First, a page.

Most of us also understand, as Steven M Singer, blogger at gadflyonthewallblog writes, that school choice “privileges the choice of some and limits the choices of others.” This is bad he posits, because district schools “pool all the funding for a given community in one place. By doing so, they can reduce the cost and maximize the services provided.” Adding parallel systems increases the costs thereby providing less for the same money. “Public [district] schools are designed to educate. Corporate schools are designed to profit” Singer notes, and eloquently writes, “Instead of fixing the leak in our public school system, advocates prescribe running for the lifeboats. We could all be sailing on a strong central cruise-liner able to meet the demands of a sometimes harsh and uncaring ocean together. Instead we’re told to get into often leaky escape craft that even under the best of circumstances aren’t as strong as the system we’re abandoning.”
Mitchell Robinson at ecletablog.com, believes DeVos’ “ultimate goal, appears to be a two-tiered educational system.” One, a system of well-funded elite private and religious schools with highly qualified teachers and a rich curriculum for wealthy whites and another of “fly by night” virtual and for-profit charters with little to no regulation or oversight, and a bare bones, “back to basics” curriculum delivered by unqualified and uncertified “teachers”.
Back in Arizona though, Graham Keegan and Hamer write that DeVos is not a “gradual improvement” kind of leader, but a “true reformer who believes in immediate transformation of lives through quality education because she sees it happening. (One might ask where, since it ain’t in her home state of Michigan.) Of course, they follow that up with ”we’re optimistic that under Mrs. DeVos’ leadership we can take a national break from seeking to impose improvement from on high…” Her soon to be boss though, doesn’t seem to want to give up the bully pulpit to affect change saying, “There’s no failed policy more in need of urgent change than our government-run education monopoly. ”It is time to break up that monopoly.” His words are of course, hyperbolic and untrue, as government is not the sole provider of K-12 education, nor is competition prohibited by law.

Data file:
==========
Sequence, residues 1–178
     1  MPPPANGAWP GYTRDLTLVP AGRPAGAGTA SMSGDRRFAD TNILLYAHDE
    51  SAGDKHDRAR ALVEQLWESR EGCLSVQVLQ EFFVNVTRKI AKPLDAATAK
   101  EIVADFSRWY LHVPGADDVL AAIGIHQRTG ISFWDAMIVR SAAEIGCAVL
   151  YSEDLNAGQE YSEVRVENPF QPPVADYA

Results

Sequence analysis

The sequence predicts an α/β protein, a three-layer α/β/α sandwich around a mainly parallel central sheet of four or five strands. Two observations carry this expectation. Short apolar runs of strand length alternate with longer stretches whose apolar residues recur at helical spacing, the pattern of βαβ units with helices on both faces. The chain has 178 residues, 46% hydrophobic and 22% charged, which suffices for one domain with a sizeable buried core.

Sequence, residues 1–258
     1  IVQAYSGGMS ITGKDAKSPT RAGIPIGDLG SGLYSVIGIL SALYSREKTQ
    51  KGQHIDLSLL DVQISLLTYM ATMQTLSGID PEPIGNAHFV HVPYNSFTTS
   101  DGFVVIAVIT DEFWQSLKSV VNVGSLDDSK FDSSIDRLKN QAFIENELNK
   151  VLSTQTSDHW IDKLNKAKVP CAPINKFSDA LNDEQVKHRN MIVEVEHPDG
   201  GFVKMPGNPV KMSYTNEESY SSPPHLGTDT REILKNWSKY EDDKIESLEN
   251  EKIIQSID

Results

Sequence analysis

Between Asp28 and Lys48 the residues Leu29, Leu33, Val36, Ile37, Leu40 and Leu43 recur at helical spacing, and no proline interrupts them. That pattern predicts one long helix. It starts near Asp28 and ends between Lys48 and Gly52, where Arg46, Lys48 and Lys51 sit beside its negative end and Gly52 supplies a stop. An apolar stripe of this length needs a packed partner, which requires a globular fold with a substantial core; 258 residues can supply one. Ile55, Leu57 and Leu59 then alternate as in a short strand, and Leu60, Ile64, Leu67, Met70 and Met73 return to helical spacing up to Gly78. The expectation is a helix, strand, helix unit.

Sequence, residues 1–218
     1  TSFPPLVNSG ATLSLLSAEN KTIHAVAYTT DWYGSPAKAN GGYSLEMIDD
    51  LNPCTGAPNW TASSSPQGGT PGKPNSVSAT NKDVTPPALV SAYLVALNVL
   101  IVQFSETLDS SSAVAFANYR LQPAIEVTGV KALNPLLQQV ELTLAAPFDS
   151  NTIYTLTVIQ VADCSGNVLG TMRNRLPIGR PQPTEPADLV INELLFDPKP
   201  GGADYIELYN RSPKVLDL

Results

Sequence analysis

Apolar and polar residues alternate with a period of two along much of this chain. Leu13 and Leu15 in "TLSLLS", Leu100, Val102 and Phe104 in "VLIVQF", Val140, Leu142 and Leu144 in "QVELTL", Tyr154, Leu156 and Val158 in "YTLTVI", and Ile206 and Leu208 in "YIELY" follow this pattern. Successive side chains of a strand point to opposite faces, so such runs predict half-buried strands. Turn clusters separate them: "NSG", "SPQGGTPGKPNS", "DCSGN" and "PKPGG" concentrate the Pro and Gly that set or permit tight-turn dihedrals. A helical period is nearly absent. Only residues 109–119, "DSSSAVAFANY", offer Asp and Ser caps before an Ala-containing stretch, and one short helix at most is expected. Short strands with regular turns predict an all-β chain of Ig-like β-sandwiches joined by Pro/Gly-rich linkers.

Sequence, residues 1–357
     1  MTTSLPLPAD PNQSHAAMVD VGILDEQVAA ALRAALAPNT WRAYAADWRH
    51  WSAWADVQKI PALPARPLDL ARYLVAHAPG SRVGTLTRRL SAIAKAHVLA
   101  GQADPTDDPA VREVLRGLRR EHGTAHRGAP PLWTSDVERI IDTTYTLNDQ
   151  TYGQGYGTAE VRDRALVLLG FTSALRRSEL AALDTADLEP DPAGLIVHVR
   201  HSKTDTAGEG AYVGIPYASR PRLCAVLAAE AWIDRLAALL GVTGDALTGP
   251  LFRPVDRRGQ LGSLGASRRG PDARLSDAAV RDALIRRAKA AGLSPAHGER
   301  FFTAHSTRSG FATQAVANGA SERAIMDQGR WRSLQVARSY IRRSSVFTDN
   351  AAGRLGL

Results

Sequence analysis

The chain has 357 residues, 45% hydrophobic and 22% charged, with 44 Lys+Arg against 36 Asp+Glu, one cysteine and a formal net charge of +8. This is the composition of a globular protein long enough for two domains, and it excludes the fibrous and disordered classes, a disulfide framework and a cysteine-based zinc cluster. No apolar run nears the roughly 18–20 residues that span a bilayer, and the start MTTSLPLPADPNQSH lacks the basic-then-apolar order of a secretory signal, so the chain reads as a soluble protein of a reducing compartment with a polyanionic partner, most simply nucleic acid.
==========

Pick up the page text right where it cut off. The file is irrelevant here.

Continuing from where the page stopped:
What is not hyperbole, is that DeVos and other elites understand that truly public education helps make the American Dream possible. That’s why they are fighting so hard to dismantle it. “Educator Stan Karp argued that what is ultimately at stake in school reform debates is ”whether the right to a free public education for all children is going to survive as a fundamental democratic promise in our society, and whether the schools and districts needed to provide it are going to survive as public institutions, collectively owned and democratically managed – however imperfectly by all of us as citizens. Or will they be privatized and commercialized by the corporate interests that increasingly dominate all aspects of our society?”
This fight is not just about what kind of schools America’s children attend and who pays for it. It is also about weakening the power of our Democracy and its people. Will we continue to be a nation “of the people, by the people, for the people” or will the oligarchy turn us into a caste or feudal system where only a few have a say and the rest of us serve? If you want to continue to have a say in our Democracy, exercise it today by clicking here to contact your U.S. Senators today and tell them to vote “NO” on the confirmation of Betsy DeVos as America’s next SecEd. Then stand at the ready, because the cause is just and the fight is far from over.
NOTE: For those of you who may know me as a member of the Oracle School District Governing Board, I want to make it clear that these views are my own and do not represent the views of the Governing Board of the Oracle School District.